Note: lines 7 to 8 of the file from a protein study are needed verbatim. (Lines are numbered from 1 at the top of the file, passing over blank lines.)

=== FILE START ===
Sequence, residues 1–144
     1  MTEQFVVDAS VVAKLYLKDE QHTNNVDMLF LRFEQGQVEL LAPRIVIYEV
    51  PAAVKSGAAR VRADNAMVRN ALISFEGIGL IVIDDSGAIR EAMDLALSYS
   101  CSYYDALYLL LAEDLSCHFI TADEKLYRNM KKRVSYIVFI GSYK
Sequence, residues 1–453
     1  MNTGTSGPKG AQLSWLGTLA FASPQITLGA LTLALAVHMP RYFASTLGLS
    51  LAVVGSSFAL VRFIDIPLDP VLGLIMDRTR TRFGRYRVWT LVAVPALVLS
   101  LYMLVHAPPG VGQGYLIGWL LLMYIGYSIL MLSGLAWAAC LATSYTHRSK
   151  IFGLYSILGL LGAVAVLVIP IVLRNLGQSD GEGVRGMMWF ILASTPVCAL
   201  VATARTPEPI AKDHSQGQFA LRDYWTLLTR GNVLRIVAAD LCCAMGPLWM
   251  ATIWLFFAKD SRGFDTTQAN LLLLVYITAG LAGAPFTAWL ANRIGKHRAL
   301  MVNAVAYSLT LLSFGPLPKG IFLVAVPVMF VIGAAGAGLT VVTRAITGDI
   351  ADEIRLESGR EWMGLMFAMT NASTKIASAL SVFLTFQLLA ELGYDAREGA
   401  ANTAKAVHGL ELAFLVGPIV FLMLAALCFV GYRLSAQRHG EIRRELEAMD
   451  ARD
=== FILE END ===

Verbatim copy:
    51  LAVVGSSFAL VRFIDIPLDP VLGLIMDRTR TRFGRYRVWT LVAVPALVLS
   101  LYMLVHAPPG VGQGYLIGWL LLMYIGYSIL MLSGLAWAAC LATSYTHRSK